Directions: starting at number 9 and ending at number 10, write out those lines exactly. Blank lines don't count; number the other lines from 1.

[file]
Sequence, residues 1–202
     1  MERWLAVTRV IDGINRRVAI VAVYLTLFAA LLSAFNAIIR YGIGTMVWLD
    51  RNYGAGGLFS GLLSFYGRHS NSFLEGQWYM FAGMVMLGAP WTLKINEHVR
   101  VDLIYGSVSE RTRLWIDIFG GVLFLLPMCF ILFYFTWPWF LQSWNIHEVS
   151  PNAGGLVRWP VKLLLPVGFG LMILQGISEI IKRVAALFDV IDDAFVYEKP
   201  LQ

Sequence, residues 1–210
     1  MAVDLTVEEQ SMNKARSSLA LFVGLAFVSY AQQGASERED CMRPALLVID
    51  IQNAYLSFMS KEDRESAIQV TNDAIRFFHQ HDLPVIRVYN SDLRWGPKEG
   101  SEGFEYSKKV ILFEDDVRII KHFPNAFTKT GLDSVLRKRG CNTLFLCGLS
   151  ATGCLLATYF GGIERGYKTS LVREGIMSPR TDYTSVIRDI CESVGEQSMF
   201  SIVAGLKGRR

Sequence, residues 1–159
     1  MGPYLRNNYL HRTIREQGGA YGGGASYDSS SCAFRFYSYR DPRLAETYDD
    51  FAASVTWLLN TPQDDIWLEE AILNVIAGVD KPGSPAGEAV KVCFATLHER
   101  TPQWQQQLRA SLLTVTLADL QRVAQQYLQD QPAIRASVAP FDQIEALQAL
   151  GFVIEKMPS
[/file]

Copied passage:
    51  IQNAYLSFMS KEDRESAIQV TNDAIRFFHQ HDLPVIRVYN SDLRWGPKEG
   101  SEGFEYSKKV ILFEDDVRII KHFPNAFTKT GLDSVLRKRG CNTLFLCGLS